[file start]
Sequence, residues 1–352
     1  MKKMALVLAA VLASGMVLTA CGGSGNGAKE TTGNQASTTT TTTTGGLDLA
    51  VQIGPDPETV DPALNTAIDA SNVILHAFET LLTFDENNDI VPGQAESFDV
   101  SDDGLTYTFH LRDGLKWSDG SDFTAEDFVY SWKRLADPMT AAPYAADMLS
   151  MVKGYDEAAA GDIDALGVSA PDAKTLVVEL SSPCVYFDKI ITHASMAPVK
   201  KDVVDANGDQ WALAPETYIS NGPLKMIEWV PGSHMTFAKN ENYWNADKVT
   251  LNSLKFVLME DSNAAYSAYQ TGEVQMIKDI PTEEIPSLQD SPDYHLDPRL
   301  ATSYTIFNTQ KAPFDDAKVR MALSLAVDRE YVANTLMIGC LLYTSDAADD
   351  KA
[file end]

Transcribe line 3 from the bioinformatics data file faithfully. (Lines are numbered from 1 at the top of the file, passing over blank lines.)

    51  VQIGPDPETV DPALNTAIDA SNVILHAFET LLTFDENNDI VPGQAESFDV